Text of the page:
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Jazz - Released November 22, 2019 | Columbia Jazz Masterpieces

Distinctions The Qobuz Standard
One of Duke Ellington's most delightful adaptations of another composer's material is his reworking of Tchaikovsky's Nutcracker Suite into jazz; this version is a classic and well worth treasuring. Ellington's reworking of Grieg's Peer Gynt Suites (including In the Hall of the Mountain King) and his tribute to John Steinbeck (Suite Thursday) are also among his better extended works, really utilizing the unique tones of his distinctive sidemen. Highly recommended. © TiVo
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Jazz - Released September 25, 1990 | Columbia Jazz Masterpieces

Distinctions The Qobuz Standard
This CD, a straight reissue of the original LP, contains 11 songs written for the soundtrack of the long-forgotten television series Mr. Broadway. It pays tribute to New York in a more abstract way than Jazz Impressions of Japan celebrated Japan for Brubeck had to concern himself with having the music fit in with the show. In general these themes and the melodic improvisations of Brubeck and altoist Paul Desmond hold their own without the show although none of the songs became standards. © Scott Yanow /TiVo
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Traditional Jazz & New Orleans - Released September 25, 1990 | Columbia Jazz Masterpieces

Distinctions The Qobuz Standard
This second installment into Bix's recorded career focuses on the sides he made while working as a member of Paul Whiteman's band. Cutting dates with old friends and bandmates like Frank Trumbauer, Adrian Rollini, Pee Wee Russell, Bill Rank, Eddie Lang, and drummer Chauncey Morehouse, these sides chronicle Bix's activities in the studios away from the "king of jazz" between 1927 and 1928. But don't consider all these sides as some sort of hot jazz oasis away from the more stilted arrangements of the Whiteman band; there's more than enough corn aboard on sides like "Mississippi Mud," two takes of "Clorinda," "Our Bungalow of Dreams," and "There'll Come a Time," several of these tracks clumsily adorned with annoying glee-club vocals. But sides like the two takes of "Three Blind Mice," "Sorry," "Jazz Me Blues," "Royal Garden Blues," and "Since My Best Gal Turned Me Down" show Bix still was full of creative ideas galore and a tone to die for. While conventional wisdom has this period as the start of Bix's musical decline, these sides show that there was much great music left in him. © Cub Koda /TiVo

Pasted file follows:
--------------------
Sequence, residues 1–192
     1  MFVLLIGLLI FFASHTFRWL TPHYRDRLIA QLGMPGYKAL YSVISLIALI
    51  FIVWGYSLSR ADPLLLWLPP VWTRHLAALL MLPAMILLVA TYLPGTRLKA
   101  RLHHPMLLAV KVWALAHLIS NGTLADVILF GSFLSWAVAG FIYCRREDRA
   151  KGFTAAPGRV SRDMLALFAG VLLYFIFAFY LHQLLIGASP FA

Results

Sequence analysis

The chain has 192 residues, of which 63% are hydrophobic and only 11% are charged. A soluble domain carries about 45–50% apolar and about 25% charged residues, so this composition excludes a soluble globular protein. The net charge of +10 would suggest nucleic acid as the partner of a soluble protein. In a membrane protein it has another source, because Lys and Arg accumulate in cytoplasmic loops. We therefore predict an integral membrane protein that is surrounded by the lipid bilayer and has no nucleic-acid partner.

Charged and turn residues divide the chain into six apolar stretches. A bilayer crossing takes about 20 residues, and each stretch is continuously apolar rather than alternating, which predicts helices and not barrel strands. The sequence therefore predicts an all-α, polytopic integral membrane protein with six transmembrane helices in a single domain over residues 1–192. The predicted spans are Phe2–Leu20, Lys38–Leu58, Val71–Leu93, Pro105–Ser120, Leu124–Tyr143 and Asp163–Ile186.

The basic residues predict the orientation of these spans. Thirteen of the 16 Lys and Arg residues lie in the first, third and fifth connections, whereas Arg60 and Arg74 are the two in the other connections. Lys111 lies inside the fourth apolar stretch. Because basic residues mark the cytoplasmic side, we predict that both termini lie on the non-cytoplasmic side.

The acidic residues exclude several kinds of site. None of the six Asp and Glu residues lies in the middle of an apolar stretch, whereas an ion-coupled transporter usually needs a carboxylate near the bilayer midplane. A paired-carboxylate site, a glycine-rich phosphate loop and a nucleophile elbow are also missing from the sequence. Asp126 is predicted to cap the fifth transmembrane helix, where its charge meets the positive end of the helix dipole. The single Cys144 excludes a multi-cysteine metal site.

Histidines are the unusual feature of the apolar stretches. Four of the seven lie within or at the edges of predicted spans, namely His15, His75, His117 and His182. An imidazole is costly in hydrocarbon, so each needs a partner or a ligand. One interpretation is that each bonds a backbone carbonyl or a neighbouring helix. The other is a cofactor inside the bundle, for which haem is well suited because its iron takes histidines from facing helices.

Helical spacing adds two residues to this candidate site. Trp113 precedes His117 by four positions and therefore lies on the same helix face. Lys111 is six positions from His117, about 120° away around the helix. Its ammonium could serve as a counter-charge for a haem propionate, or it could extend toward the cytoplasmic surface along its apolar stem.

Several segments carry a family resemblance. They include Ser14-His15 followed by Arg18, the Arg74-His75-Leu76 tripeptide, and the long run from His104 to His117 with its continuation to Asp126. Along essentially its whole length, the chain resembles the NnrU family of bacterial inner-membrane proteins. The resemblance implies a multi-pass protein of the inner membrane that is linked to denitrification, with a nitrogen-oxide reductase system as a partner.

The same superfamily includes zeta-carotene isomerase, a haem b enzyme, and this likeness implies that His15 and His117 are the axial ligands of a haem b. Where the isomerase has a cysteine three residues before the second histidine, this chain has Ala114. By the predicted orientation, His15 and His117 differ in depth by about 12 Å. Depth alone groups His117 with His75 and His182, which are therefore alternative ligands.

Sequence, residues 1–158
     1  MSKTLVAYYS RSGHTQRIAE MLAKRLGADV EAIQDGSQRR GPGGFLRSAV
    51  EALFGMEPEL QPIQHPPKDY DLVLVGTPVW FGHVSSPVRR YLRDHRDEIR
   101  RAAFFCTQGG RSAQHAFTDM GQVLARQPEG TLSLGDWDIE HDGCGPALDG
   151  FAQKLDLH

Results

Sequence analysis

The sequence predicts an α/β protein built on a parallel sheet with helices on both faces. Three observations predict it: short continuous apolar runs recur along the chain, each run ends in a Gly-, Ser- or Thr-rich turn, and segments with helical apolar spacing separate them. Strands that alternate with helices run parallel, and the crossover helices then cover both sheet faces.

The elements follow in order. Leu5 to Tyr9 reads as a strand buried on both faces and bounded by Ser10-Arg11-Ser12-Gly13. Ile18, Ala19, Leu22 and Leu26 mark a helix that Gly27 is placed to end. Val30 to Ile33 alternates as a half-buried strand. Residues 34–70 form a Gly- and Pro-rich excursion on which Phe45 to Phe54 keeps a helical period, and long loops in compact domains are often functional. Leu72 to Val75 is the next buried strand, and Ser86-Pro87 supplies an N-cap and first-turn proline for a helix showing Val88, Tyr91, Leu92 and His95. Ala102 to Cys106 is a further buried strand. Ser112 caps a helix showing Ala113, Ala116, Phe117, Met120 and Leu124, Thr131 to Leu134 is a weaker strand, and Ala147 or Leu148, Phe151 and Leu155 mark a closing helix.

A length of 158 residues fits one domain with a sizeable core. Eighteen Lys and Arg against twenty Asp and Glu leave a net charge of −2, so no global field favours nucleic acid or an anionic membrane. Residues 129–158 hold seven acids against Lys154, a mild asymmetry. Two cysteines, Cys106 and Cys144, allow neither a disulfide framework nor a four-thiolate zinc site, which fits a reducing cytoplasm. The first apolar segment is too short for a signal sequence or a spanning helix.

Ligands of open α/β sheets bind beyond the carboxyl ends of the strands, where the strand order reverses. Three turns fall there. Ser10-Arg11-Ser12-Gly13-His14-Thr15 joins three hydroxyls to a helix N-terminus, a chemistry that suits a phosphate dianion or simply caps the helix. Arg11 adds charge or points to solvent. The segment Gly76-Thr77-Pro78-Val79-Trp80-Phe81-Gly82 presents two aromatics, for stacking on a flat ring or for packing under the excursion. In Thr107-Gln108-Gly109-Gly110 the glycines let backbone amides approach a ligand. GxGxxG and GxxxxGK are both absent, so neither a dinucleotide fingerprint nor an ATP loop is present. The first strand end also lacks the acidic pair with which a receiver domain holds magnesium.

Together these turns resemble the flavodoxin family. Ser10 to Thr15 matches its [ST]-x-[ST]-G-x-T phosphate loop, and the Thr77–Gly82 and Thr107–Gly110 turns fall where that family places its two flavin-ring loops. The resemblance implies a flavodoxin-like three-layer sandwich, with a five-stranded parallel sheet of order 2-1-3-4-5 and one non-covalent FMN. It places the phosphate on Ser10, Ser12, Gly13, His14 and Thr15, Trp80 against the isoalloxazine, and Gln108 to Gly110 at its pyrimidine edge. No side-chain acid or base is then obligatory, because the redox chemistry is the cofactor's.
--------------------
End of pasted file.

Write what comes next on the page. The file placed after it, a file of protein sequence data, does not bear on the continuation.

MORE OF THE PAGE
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Jazz - Released September 24, 1990 | Columbia Jazz Masterpieces

Tenor saxophonist Charlie Rouse, who would spend all of the 1960s as a member of Thelonious Monk's Quartet, had relatively few opportunities to lead his own sessions. This CD reissue has an LP and a half's worth of material that the instantly recognizable tenor cut for Epic. Well-versed in the swing/bop tradition and a veteran of both the Duke Ellington and Dizzy Gillespie orchestras, Rouse plays thoughtful solos with a pair of conventional rhythm sections on this album (which includes either Billy Gardner or Gildo Mahones on piano, Peck Morrison or Reggie Workman on bass and Dave Bailey or Art Taylor on drums), sticking mostly to standards and avoiding Monk tunes (which he performed on a nightly basis anyway). A fine example of Charlie Rouse's playing outside of the world of Thelonious Monk. © Scott Yanow /TiVo
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Jazz - Released September 21, 1990 | Columbia Jazz Masterpieces

Distinctions The Qobuz Standard